If you want to know how to build best-of-breed networks, universities can be good places to look. London’s University of Westminster is no exception: its network has grown and changed vendors over the years as the demands on it have increased. It is now on its third iteration of Wi-Fi, for which it chose Aruba Networks, running via an HP wired network and a Brocade core.
“We introduced our first Wi-Fi network in the early 2000s. It’s grown exponentially from there and now it’s a must-have utility,” explains Daniel Halter, the University of Westminster’s Head of IT Infrastructure. “Our previous wireless wasn’t entirely working as desired, so we went to market to see what to see what else was around. As a result, we installed Aruba last summer.”
To give an idea of the scale involved, Halter says there is an average of 47,000 unique devices seen on the wireless network, which comprises some 500 Aruba access points connected to a pair of 7220 controllers. While some of the devices are laptops loaned by the University library, many belong to students, and each brings its own connectivity challenges.
“We had two major issues before – one was that we had never done proper RF [radio frequency] planning, so while our Wi-Fi coverage wasn’t bad, it had grown organically,” Halter says. “The other was that our previous system had become unmanageable. We also had different controllers and wireless networks, with separate configurations for each which made it hard to manage. We had no statistics on usage, no metrics, no proactive support data.” Compared to that, moving to Aruba was a revelation. “Our evaluation was 40/60 on cost/quality – the Aruba was not the cheapest, but it was competitive on cost and then won it on quality,” he explains. “The thing is it’s a packaged solution, not just a wireless service or raw connectivity. It was really important for us that our new network made things better for us, that it enabled our support team to become proactive, not just reactive. Now, with Aruba it’s all about the ability to plan, to identify peaks and troughs.”
The University uses both Aruba Airwave for alerting, reporting and planning, and ClearPass for 802.1x authentication and reporting. ClearPass also helped simplify the wireless network, not least because it integrates with eduroam, which is a world-wide scheme for academic institutions to authenticate network users. This enables all staff, students and academic visitors to use a single SSID (a named wireless network), and this in turn reduces both residence, and the University Sports Ground in Chiswick, West London. Halter says that Aruba’s Remote Access Point (RAP) technology has been particularly useful, as it can extend the core Wi-Fi network to a remote site over a simple broadband connection. “Most of the challenges were logistical,” he continues. “Our RF planning dictated new cabling in some of our estate – we put in CAT-5e for future-proofing to support the multigigabit uplinks needed for 802.11ac, and in greenfield sites we put CAT-6. The next refresh will be to deploy Class 4 Power over Ethernet (PoE). We only have Class 3 now, and for the full spectrum of 802.11ac Wave 2 [which will bring higher data rates and the ability to focus transmissions at a particular client] we will need up to 30W per port, which means Class 4 PoE. “11ac increases capacity by getting users on and off the network quicker, although I suspect that eventually that advantage will disappear as they will simply use it more! There’s only a few 11ac devices now, but we needed to replace 11n and we couldn’t wait for 11ac Wave 2 which needs new chipsets. “There’s also seasonal timing effects,” he says. “For instance, arranging the logistics so your external contractors can cable the parts of the estate used for learning when they’re vacant. And give yourself more time than you think you need for it to bed in and for you to start using the tools proactively.” Halter notes that while the University’s previous Wi-Fi networks included some 330 APs, it bought 500 from Aruba.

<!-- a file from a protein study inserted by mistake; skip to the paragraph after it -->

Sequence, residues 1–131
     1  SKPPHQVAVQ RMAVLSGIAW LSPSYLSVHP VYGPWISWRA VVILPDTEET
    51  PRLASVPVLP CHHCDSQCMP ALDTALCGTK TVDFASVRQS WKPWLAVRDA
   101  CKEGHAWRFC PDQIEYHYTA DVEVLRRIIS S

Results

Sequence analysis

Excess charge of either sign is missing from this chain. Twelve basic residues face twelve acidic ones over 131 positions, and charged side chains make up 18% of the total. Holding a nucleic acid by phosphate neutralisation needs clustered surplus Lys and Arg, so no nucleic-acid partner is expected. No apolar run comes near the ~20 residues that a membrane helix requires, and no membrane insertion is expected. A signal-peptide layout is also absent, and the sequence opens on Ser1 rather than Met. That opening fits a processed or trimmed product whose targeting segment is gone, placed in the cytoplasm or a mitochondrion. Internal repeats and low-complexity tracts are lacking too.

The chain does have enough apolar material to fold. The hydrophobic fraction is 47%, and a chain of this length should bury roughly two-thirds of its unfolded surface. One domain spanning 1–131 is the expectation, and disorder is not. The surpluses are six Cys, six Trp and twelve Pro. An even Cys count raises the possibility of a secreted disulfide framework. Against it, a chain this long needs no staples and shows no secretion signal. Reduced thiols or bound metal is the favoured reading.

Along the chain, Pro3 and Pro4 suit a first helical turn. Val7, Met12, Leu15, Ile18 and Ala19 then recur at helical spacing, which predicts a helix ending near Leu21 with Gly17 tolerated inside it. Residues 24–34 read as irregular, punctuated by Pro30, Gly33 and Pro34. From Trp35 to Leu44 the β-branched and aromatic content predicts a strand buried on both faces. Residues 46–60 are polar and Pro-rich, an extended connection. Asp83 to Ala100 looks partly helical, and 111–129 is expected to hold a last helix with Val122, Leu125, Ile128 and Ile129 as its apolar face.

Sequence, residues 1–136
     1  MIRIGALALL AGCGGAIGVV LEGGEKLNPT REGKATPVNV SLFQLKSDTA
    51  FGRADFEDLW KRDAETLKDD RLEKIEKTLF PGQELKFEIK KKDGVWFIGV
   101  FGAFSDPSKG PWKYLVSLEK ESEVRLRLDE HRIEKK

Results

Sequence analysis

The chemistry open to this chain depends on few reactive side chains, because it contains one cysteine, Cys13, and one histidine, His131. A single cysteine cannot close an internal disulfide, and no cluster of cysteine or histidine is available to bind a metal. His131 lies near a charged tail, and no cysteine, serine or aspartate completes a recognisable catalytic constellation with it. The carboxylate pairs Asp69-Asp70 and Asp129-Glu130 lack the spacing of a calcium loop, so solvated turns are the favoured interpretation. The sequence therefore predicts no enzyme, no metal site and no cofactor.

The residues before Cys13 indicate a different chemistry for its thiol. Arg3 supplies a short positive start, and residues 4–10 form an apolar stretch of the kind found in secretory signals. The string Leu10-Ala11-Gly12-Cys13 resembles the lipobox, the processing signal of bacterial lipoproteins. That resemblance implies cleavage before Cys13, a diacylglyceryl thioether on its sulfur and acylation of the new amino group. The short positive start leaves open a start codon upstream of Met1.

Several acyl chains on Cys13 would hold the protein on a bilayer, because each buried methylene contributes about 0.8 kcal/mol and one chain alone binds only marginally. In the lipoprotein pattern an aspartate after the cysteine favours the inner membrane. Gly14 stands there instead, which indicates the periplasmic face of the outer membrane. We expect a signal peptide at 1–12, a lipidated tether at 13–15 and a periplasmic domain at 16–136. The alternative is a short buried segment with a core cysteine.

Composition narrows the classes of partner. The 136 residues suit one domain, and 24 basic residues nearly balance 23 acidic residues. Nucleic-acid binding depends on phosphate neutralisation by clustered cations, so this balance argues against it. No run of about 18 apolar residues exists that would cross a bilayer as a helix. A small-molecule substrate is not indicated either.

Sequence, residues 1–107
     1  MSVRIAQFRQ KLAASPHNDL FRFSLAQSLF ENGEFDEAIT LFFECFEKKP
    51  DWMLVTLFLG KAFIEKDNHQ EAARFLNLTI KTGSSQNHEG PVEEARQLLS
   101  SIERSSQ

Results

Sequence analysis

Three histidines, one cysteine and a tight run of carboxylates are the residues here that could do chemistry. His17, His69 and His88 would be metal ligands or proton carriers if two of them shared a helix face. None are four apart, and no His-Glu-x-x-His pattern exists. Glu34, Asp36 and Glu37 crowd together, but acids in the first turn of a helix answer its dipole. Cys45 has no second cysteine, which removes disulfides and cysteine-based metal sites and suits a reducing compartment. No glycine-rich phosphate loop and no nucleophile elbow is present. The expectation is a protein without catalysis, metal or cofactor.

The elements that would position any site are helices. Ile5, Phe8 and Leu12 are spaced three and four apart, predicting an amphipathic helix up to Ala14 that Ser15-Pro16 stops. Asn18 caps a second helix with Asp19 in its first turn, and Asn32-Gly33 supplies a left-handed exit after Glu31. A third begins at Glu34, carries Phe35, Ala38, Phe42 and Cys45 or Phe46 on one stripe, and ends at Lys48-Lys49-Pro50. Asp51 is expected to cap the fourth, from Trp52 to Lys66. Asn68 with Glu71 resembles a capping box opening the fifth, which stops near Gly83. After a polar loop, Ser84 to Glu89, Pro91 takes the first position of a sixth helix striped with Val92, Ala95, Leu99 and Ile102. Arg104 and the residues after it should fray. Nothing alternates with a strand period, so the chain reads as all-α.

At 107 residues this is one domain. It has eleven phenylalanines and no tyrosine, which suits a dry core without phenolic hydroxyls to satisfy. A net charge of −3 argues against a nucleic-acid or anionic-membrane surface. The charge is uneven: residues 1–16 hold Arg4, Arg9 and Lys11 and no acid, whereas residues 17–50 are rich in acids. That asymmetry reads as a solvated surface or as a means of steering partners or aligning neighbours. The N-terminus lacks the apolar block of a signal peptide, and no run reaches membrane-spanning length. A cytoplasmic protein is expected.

The increase was partly to cover more buildings, but he says that it is also important to buy a few spares.“Even after RF planning you can still have density issues, for example you might find you need more capacity in the learning spaces allocated for students – especially since we now have to plan for maybe three or four devices per user,” he explains. And of course demand can only grow, especially as more and more of the academic staff embrace Wi-Fi within their teaching plans. “This is a significant investment by the University, so we are really keen to see how the academics embrace wireless and use it to deliver teaching and learning, and for delivering content in the classrooms. “There’s a whole drive around ‘learning futures’, with IT natively embedded in every lesson, and that means building a platform where that can happen. Our previous network wasn’t where it needed to be – this one is!”